(This post takes about 3 minutes to read)
Most of us make sure our cars are maintained regularly – because they are a big investment. Likewise, if we notice something wrong in our house, we fix it. Knowing that health is important, we do regular checkups. I could argue your career is nearly as important as all of those things. Think of it this way. If you work 40 years with an average salary of $50,000 per year, you will make $2 million in your work life. Isn’t that worth paying a little attention to?
Yet few people spend much time on their career plan. Why is that? We go about our day, generally mindlessly doing what we always do. Some people “hate to plan”. Some are “too busy”. Some of us “will get to it next week or month or year or decade”. But for most of us, it is simply because we don’t think about having to create a plan.
For all of you, I have a short outline of three thoughts to get you started.
First – Devote time
Devote one hour a month to thinking about your career path. That is a small sliver of your time.Write down these questions and answer them honestly. Why do you want to keep doing what you are doing now? Why do you want to stay with the company you are currently working for? In what 2-3 ways has work been good the last month? In what 2-3 ways has work been bad the last month?
The more open-ended questions you have, the better. Keep this in a small journal. Compare what you say today to what you wrote previous months. What patterns are you noticing?
Second – Commit to connect . . . and reconnect
Commit to connecting with at least one new person each month and reconnecting with one acquaintance or co-worker each month. Notice I deliberately avoided the dreaded “N” word – Networking. Networking is defined as “interact with other people to exchange information and develop contacts, especially to further one’s career”. Most people recoil at the thought of networking. It sounds phony. That is why I recommend you think of engaging others as “connecting”.
Connecting does not have to be anything formal or awkward. Meet for lunch, coffee or a drink. Call them. Commit to being somewhere they are going to be (church, meeting, party) and reach out beforehand to say “let’s talk” before, during or after the event. You never know what you might learn. You might even make a new friend.
In this context, to connect means to meet with someone you do not know at all. Reconnecting means getting back together with someone from your past – former co-worker, college friend, ex-neighbor, little league coaches or parents.
Having a set of people you connect with is the best way to keep your career moving forward. New ideas. New opportunities. Reminders of accomplishments long forgotten. These are all there, courtesy of people.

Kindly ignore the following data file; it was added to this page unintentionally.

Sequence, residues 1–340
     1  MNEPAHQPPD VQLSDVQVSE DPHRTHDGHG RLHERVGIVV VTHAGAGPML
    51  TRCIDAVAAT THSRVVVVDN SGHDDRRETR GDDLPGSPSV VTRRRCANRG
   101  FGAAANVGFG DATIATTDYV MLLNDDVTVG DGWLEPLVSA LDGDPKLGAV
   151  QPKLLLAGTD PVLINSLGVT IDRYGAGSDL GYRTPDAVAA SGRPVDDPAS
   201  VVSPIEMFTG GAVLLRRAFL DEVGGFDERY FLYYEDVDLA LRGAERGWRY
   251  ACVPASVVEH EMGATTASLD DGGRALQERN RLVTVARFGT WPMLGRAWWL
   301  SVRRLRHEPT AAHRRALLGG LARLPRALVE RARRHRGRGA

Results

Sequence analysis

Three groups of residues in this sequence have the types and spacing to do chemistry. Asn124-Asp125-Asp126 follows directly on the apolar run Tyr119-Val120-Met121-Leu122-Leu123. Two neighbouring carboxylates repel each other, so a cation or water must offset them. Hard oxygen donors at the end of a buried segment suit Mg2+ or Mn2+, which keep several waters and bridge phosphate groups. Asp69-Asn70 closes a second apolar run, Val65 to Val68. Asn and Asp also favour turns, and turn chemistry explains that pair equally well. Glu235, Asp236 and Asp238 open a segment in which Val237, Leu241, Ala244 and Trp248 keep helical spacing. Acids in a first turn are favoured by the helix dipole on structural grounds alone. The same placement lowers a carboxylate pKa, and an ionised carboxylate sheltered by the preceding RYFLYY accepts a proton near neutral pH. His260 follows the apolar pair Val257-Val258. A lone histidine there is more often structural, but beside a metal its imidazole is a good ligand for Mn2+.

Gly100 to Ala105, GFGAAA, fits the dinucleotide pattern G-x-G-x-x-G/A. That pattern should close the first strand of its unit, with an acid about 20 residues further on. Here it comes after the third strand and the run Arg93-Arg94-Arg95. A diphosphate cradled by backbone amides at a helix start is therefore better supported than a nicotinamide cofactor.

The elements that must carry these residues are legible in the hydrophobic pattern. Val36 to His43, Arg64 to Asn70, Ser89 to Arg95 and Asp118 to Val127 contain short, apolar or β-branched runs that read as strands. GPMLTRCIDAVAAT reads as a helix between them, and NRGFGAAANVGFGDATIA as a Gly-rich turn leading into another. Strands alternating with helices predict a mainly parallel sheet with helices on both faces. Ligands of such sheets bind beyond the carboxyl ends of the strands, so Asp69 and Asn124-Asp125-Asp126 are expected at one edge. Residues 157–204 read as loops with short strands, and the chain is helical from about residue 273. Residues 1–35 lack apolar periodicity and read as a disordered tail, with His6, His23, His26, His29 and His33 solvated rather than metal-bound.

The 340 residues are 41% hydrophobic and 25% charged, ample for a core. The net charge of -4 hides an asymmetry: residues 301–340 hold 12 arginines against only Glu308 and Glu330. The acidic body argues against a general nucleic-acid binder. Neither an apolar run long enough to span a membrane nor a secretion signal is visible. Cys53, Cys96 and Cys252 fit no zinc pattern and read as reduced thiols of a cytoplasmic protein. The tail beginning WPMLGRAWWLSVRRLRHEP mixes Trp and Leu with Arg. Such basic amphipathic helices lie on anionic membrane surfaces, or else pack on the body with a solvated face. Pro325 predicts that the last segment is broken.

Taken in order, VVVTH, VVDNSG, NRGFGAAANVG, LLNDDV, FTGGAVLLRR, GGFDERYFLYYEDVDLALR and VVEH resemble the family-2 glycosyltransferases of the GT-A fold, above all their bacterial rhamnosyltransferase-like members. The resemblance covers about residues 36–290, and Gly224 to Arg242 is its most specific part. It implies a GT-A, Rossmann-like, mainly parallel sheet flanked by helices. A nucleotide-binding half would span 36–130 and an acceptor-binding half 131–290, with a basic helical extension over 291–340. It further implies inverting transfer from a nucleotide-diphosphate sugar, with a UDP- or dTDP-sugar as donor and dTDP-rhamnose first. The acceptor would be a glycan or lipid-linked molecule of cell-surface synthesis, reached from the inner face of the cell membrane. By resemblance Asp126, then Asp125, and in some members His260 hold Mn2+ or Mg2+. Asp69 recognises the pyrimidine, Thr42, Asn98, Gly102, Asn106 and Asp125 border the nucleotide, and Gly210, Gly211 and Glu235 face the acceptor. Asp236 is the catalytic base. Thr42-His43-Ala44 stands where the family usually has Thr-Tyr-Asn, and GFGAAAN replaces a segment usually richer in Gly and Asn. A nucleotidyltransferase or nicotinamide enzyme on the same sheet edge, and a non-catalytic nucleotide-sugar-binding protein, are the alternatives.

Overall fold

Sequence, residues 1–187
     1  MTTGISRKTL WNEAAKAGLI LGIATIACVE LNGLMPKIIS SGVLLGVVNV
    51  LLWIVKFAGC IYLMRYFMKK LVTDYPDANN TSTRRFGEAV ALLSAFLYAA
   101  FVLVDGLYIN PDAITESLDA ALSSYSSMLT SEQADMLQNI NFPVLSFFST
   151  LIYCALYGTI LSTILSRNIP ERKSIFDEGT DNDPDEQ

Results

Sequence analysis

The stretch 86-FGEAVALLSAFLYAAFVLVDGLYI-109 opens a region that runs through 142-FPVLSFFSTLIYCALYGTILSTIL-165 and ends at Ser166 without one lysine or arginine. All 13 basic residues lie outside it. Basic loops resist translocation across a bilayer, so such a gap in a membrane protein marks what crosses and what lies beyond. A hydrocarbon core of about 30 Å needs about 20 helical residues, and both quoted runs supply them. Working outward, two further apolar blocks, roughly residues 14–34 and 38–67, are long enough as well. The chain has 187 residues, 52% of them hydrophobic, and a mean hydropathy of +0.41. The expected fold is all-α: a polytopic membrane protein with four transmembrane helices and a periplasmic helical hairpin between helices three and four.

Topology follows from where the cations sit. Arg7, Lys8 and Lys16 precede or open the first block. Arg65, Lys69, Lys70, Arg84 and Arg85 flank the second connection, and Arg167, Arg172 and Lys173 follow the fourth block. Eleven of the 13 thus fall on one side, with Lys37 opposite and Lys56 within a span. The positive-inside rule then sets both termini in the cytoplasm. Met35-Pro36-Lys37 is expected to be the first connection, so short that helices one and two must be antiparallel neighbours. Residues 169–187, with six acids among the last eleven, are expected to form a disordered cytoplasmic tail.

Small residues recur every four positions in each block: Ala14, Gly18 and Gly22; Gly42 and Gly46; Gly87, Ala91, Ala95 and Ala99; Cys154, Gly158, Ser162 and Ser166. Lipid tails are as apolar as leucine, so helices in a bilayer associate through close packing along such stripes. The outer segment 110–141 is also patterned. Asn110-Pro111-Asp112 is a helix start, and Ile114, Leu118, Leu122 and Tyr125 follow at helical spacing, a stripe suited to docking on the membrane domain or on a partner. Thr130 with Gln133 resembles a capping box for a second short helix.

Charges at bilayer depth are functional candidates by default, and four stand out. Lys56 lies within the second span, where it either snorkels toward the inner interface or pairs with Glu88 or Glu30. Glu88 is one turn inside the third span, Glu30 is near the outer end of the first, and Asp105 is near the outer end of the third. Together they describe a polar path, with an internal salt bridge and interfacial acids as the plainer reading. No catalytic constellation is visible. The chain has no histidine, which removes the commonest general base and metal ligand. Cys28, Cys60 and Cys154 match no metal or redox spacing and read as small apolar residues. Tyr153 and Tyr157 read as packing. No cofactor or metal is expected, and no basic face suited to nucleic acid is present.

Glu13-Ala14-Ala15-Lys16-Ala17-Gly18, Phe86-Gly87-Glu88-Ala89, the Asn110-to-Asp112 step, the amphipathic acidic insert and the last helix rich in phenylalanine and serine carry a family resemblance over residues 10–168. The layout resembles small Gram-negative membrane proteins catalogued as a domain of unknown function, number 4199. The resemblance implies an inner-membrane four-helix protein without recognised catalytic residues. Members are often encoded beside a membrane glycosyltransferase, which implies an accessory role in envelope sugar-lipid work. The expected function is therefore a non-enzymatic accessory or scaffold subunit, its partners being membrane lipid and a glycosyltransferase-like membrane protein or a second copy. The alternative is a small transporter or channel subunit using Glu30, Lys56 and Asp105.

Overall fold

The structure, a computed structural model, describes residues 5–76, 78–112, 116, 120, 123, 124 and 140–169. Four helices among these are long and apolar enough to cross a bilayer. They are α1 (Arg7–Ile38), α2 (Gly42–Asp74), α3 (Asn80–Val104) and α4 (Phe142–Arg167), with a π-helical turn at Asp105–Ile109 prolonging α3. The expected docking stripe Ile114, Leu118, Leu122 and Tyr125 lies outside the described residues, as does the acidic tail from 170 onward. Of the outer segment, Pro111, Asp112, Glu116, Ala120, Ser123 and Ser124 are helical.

Third – once a year, plan
Once a year, do a complete career plan. Just like most of us have to look at our health care choices once a year, let’s do the same with our career plan. You pick when you want to do it. At the end of the year, start of the year, in the summer at the beach. Your career plan can look like whatever you want.
Here are some ideas to structure your plan.
Reflect on the past year. How has the last year gone both in work and in life? Look at your monthly journal entries. Write down a few trends you notice. Think ahead. What are ideas/goals for the next year?
Ponder this scenario. If your current job went away tomorrow, what would be your ideal job to take its place? Write as much detail as you can. Where would you work? For Whom? Doing what? What kind of commute? In an office or working from home?
Name 2-3 ways you are preparing yourself for that “ideal” job (education, connecting with others, reading, doing similar volunteer work, etc.). If you aren’t doing anything, what could you do this coming year? Be specific.
Maybe the most important question is to ask yourself to write about your career/life blend. The blend is where your energy is being invested, where it is growing and where it is being drained. What is the ideal blend look like? How close or far away from that blend am I? What are three actions I can take to get closer? How is my blend in sync with my spouse/significant other?
And a bonus fourth thought
Keep yourself accountable. Track this information on a something tangible – a journal, a spreadsheet, white board, phone app. Hire a coach. Having an outsider as a sounding board is a great way to really probe your plan.
So there you go. A career plan that takes less than a full day over the course of the year, less than .3% of your time. Why not get started now? Need help? Check my website for some ideas http://deanwaggenspack.weebly.com. Or connect/reconnect with me. I would love to hear from you!